(too much speculation)
 
lol, why the protest all the sudden
 
Well, I was reading some energy policies of the energy campaign of all australian parties to analyse for something. Currently reading the last party which is on the futhest left
(Perhaps I will found myself talking nonsense later) Currently, I think the complex layering of financial products on top of each other makes it very hard to track how the value correlates to the good it based on, thus allowing the value to inflate without bound as for each nesting, the value shifts further from reality due to the statistics involved in the calculation
so when the value is gone so far from reality that no real goods can correspond to it, suddenly there is huge debt and the market crashes
 
thats not entirely accurate
if you dont wish to participate in derivative markets, you dont have to.
 
5:22 PM
@philmcole I agree something is amiss there. But note that if you change an eigenvector by a sign, the "direction" of the associated axis in the new coordinates also changes. But at any rate, that matrix is messed up. Sorry.
 
what do you think is the main reason that markets keep crashing?
 
but they provide value. Say the COO of American Airlines doesn't want to speculate on the price of oil in 6 months time. She'll cover herself with a future that fixes the price for 6 months. Thereby avoiding speculation, and having (more) concrete financial reports.
I haven't seen a market crash since 2008. Currently the political turmoil. Although I couldn't compare it to 2008. nowhere near it.
2008 isn't speculation. It's plain fraud. Moody's and S&P rated garbage collateralized debts as class A. And got away with it.
 
@JoeShmo ??????????? There have been crashes since 08
 
of the same magnitude?
@EricSilva
 
There havent been any quite as bad globally but there have been multiple crashes on similar orders of magnitude
Especially outside the us
 
5:33 PM
are they getting more frequent or more or less the same rate?
 
point one out please
 
@philmcole Oh, never mind. It's correct as is. $(3,-4)$ is an eigenvector for eigenvalue $0$ and $(4,3)$ is an eigenvector for eigenvalue for $25$. It is correct. You've chosen a different order and different eigenvectors.
Heya @JoeShmo and @EricSilva.
 
the Greek debt crisis, and the Chinese market crash like 3 years ago were pretty bad
@Secret small crashes happen literally all the time and always have, big crashes like 08 happen once every couple decades and probably won't ever stop happening, maybe they'll get more frequent, maybe not, idk
Recovery time is better now but who's to say that will keep up
@TedShifrin sup
 
Been hosting my sister & bro-in-law ... now down to just one for the weekend. They depart at 5:30 AM Monday morning. You recovered from your ordeal, Eric?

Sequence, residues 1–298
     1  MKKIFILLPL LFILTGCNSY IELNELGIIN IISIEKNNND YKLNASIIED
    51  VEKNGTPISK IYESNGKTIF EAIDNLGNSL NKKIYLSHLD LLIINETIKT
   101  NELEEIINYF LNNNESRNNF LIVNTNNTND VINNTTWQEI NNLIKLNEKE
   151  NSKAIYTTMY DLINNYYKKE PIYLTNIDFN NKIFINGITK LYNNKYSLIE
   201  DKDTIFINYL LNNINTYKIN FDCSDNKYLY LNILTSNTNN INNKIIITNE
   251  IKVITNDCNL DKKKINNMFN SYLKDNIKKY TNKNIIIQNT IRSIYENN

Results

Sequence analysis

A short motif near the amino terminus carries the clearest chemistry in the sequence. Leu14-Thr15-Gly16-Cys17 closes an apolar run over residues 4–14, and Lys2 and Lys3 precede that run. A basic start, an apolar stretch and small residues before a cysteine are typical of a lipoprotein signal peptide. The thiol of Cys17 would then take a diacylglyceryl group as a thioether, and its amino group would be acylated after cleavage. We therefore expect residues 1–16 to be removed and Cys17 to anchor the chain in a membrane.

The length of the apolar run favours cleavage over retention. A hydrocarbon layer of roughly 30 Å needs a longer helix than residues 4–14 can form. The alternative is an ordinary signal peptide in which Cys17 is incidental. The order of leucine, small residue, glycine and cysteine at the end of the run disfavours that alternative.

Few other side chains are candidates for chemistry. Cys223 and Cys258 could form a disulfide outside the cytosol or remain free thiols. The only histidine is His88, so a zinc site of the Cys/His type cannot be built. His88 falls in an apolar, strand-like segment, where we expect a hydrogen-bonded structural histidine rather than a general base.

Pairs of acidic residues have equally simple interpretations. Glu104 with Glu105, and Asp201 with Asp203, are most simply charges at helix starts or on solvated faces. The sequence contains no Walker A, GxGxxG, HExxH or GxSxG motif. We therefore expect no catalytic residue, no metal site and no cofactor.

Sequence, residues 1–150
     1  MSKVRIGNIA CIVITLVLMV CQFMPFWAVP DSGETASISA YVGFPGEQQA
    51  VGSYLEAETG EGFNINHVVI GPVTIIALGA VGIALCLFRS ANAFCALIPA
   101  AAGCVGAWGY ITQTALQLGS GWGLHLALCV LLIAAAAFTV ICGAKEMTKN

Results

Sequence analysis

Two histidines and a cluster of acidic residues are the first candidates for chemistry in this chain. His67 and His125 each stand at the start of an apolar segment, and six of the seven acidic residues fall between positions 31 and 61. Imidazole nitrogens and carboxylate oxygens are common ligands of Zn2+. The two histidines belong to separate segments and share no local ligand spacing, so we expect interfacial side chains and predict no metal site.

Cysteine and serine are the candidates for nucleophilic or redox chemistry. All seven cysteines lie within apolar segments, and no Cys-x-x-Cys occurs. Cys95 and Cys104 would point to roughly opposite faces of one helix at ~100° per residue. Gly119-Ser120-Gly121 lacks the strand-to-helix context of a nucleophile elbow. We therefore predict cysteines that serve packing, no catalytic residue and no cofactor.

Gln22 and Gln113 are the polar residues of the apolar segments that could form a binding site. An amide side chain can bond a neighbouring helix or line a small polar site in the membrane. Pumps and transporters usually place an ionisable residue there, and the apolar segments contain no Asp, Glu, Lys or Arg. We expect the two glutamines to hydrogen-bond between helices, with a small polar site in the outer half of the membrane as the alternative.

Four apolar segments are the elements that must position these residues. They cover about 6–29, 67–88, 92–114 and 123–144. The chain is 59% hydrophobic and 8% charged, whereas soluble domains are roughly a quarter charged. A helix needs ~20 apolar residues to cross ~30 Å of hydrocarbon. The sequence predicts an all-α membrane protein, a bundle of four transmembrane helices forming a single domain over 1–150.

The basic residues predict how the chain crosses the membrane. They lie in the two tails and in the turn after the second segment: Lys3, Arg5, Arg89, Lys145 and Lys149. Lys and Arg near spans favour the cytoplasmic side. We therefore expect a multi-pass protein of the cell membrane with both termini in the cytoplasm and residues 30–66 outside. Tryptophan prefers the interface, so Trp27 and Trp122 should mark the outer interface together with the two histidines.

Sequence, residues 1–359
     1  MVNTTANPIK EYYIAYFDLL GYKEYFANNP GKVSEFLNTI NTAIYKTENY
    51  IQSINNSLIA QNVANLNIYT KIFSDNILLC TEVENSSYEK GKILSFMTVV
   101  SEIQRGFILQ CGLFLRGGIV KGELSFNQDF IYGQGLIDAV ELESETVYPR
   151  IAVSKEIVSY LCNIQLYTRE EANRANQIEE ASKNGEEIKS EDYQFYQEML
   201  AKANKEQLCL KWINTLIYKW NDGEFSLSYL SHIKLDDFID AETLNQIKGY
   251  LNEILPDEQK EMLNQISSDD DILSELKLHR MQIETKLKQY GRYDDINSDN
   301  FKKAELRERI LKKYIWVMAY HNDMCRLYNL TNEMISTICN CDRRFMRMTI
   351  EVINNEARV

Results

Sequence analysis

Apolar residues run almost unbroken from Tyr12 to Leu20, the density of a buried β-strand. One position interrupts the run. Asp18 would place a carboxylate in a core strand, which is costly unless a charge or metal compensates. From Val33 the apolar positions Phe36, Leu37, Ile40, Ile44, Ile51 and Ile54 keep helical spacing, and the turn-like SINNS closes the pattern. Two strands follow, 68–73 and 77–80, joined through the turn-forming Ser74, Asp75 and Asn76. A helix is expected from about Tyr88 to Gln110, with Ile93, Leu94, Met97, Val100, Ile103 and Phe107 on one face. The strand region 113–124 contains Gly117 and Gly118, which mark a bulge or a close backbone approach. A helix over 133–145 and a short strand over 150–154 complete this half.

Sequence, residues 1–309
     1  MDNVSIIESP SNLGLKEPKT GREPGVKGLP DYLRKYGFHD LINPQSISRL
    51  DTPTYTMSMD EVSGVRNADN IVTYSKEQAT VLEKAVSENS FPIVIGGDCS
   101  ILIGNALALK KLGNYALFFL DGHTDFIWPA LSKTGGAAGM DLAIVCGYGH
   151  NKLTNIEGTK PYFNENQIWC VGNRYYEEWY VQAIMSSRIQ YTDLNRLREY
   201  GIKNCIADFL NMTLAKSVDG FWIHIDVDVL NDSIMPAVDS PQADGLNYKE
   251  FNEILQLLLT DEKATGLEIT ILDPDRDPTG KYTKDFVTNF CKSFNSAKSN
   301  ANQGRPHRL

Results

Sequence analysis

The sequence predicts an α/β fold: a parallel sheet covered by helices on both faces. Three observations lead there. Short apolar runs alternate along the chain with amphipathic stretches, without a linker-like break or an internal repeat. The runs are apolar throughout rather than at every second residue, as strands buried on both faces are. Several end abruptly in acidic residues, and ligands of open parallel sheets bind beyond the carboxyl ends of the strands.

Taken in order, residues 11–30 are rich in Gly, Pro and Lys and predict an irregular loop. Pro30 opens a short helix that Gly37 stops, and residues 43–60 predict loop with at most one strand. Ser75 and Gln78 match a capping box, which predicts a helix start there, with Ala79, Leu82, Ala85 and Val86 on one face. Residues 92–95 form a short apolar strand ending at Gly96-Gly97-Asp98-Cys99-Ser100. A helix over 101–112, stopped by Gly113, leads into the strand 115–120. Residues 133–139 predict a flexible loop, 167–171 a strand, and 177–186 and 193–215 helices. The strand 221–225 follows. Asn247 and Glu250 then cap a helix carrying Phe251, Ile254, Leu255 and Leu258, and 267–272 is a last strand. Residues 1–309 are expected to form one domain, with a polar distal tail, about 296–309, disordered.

I am not very literate on finances thus I am not sure if people have some consensus on what is the underlying causes or leads to the crashes
 
5:38 PM
Which ordeal, there have been many
 
I might check later...
 
the Greek debt crisis wasn't triggered by a failure of the market. the chinese bubble bursting is arugably one. although they recovered in 6 months time. again, not to be compared with 08
 
Oh, more than I knew? Sorry :( ... I meant the GRE, of course.
 
@JoeShmo that's similar in order of magnitude to the 08 one so idk what u mean
 
sup @TedShifrin homework saturdays.
 
5:41 PM
@Secret I mean crashes are just part of how capitalism works but they happen for loads of different reasons
 
Speaking about capitalism, I still have no idea what could possibly replace profit as an economic incentive
 
forced labor
 
profit and human greed seemed to me to be one of the primary reason why the free market keeps going wrong
 
JoeShmo: Not for me :) ... Although I do have my hour "class" on calculus via document cam (working with twin kids of old friends).
 
that's awesome. Are you prepping them up to take the putnam exam?
 
5:44 PM
@Secret when people theorize along the lines of "what would a post-capital economy look like" they usually just spout nonsense. It's like trying to think about what happens post singularity
 
well, singularity is a plausible post-capitalist economy. or we're all dead. either way, its post-capitalism
 
so we only have one known solution to the free market problem, socialism?
 
@JoeShmo the singularity isn't an economy so idk what you mean
 
if you have robots working for free, with no moral repercussions, you sieze to have a constraint-based economy
 
@Secret socialism isn't a "solution" to the problem of world capitalism, it's the thing that necessarily follows it's breakdown (if you believe marx and the dialectic, if you don't it's up for debate because marx was wrong about a lot of shit)
@JoeShmo part of the idea of the singularity is that runaway tech development would be unimaginable, so idk what you mean, the whole point is "we don't know what happens post-singularity"
 
5:49 PM
Ok then I have absolutely no idea what can fix the economy
 
that was just a jumble of words.
 
@JoeShmo that will be ideal, but somehow wealth need to be prevent to be concentrated to a small group of people, and I don't see any effective solutions
 
@Secret neither does anyone else i guess
@JoeShmo what was
 
your last paragraph. i dont see how its relevant
or what it means
 
@JoeShmo you're somehow equating "singularity" with "robots doing all our labor for free" but that's not what the singularity is
 
5:51 PM